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Tongue-tie is a condition commonly found in newborns. Luckily, it can be easily treated by the expert and compassionate staff at Banner Children’s. We’re here to answer any questions you may have about tongue-tie and the treatment options available for your baby.

What Is Tongue-tie?

Tongue-tie occurs when the frenulum, a band of tissue below the tongue, restricts the tongue’s movement. Some tongue-tie conditions may not cause problems for your child, while others can lead to challenges with things like breastfeeding or speech development.

Signs, Symptoms and Causes of Tongue-tie

The tissue under the tongue is usually thin, but in some instances, it is thickened or constricted. This limits the tongues movement during eating and speaking. The main cause of tongue-tie is not known, but it’s important to notice the signs and symptoms of tongue-tie early.

Signs and symptoms of tongue-tie include:

  • Difficulty lifting tongue
  • Difficulty latching during breastfeeding
  • Difficulty moving tongue side to side
  • Difficulty sticking tongue out past lower gums

Tongue-tie Diagnosis

Tongue-tie is diagnosed during a physical exam by your pediatrician. This is to ensure your baby’s oral development is not affected. Your pediatrician will see if your baby can move their tongue from side to side or if they can lift their tongue easily. Your pediatrician may use an assessment tool called TABBY (Tongue-tie and Breastfed Babies) or BTAT (Bristol Tongue Assessment Tool) to understand the tongue’s mobility.

Tongue-tie Treatment

Tongue-tie treatments can vary based on the severity of the tongue-tie and how it is affecting your baby’s health. Sometimes this tissue may loosen over time, and tongue-tie resolves on its own. More often, tongue-tie requires surgery to correct. There are two surgical options, including frenotomy and frenuloplasty. These options do not remove the frenulum but resolve tongue-tie by freeing the tissue that’s holding the tongue down. There are no long-term effects from these procedures.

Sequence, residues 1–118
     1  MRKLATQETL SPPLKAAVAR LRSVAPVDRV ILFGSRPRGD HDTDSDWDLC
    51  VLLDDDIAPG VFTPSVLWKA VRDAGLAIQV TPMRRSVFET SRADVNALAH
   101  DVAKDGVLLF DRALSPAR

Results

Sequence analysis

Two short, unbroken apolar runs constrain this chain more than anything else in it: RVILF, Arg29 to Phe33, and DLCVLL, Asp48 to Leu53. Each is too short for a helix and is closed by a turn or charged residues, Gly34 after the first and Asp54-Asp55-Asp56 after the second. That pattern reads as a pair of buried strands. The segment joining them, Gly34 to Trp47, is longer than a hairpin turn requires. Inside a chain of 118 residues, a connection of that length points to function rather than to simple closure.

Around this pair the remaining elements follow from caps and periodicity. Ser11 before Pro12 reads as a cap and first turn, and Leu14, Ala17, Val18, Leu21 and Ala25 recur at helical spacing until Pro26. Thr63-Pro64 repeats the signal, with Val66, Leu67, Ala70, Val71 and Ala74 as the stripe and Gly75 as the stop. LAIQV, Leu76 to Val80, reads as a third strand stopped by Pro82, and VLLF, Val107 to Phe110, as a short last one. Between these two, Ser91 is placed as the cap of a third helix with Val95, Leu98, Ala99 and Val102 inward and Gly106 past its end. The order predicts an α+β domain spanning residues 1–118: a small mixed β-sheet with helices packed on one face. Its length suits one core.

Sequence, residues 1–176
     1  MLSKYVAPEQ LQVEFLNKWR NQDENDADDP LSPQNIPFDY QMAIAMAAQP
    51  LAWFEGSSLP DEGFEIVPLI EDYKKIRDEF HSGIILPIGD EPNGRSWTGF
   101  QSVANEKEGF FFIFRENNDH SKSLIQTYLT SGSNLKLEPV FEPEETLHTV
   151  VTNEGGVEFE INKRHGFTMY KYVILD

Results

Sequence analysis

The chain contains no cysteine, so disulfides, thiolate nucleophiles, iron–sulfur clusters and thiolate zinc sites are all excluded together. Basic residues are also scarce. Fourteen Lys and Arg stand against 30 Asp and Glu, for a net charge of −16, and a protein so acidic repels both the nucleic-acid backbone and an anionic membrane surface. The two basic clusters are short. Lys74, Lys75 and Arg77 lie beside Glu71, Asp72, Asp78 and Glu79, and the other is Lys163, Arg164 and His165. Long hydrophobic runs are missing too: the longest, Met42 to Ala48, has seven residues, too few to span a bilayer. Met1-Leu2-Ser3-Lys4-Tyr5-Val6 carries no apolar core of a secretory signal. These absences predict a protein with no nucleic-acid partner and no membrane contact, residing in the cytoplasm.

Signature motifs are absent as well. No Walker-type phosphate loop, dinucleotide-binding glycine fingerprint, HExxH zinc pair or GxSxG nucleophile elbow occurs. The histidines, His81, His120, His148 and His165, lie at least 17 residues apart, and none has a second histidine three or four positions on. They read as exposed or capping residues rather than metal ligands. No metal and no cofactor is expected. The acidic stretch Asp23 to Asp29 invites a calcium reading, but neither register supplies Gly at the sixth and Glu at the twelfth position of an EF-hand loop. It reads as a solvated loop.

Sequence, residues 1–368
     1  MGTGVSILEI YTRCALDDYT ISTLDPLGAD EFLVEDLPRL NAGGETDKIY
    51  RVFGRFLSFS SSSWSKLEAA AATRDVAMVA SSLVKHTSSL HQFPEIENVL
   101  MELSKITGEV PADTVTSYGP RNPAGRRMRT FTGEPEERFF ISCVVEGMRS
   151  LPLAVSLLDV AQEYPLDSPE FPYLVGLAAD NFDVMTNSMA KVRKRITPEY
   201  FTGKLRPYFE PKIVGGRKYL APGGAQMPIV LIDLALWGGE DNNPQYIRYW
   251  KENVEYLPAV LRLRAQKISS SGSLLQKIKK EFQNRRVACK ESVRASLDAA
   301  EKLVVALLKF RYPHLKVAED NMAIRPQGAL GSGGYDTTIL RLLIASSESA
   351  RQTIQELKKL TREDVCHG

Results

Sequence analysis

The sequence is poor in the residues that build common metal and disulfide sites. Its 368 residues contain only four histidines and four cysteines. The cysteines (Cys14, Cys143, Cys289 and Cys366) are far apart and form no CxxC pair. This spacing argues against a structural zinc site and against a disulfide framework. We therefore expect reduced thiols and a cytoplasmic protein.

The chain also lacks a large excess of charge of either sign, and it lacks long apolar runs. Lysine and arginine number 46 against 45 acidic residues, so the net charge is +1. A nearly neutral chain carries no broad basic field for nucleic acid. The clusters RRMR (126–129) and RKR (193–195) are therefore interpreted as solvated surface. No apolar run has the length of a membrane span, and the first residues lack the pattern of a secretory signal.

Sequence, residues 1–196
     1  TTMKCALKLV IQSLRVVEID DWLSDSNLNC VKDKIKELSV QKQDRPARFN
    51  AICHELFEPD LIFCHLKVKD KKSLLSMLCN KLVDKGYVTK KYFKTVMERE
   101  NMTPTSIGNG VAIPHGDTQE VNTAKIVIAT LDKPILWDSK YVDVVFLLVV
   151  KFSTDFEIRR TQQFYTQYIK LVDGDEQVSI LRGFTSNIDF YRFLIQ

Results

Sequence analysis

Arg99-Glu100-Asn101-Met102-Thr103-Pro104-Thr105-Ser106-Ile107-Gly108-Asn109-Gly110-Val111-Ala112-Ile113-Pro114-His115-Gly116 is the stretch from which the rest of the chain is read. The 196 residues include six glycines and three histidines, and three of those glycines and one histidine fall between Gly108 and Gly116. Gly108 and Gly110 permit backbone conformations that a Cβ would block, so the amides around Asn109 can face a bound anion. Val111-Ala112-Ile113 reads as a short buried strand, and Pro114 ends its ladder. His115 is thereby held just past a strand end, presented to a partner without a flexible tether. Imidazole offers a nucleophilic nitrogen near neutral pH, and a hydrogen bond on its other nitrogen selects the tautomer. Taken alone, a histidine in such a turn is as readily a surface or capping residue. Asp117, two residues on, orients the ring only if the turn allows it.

Frenotomy is a surgical option for tongue-tie in which the tissue restricting motion is snipped. This procedure is quick and can be done with or without anesthesia. After the treatment is complete, you can go back to feeding your baby right away. Complete healing for a frenotomy can take anywhere from 2 to 4 weeks.


Frenuloplasty is a surgical option for tongue-tie when the tissue is too thick and a frenotomy cannot be done. This surgery is performed under general anesthesia and surgical tools are used to cut the tissue and stitches are put in place. These stitches will dissolve on their own as the tongue heals. Your baby should be able to feed after surgery but consult with your pediatric specialist for detailed instructions.

Your pediatrician will talk with you to determine the best treatment option for you and your baby. At Banner Children’s, we are here to help keep your baby healthy along the path of childhood’s important growth milestones.